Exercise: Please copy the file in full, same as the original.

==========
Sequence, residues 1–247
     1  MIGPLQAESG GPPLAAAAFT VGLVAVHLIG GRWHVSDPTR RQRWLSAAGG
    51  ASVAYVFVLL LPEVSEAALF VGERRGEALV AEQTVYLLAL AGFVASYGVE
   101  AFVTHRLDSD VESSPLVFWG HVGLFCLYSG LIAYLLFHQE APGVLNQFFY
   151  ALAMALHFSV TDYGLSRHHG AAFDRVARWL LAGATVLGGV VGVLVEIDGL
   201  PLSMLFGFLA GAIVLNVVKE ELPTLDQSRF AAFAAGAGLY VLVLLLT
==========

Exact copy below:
Sequence, residues 1–247
     1  MIGPLQAESG GPPLAAAAFT VGLVAVHLIG GRWHVSDPTR RQRWLSAAGG
    51  ASVAYVFVLL LPEVSEAALF VGERRGEALV AEQTVYLLAL AGFVASYGVE
   101  AFVTHRLDSD VESSPLVFWG HVGLFCLYSG LIAYLLFHQE APGVLNQFFY
   151  ALAMALHFSV TDYGLSRHHG AAFDRVARWL LAGATVLGGV VGVLVEIDGL
   201  PLSMLFGFLA GAIVLNVVKE ELPTLDQSRF AAFAAGAGLY VLVLLLT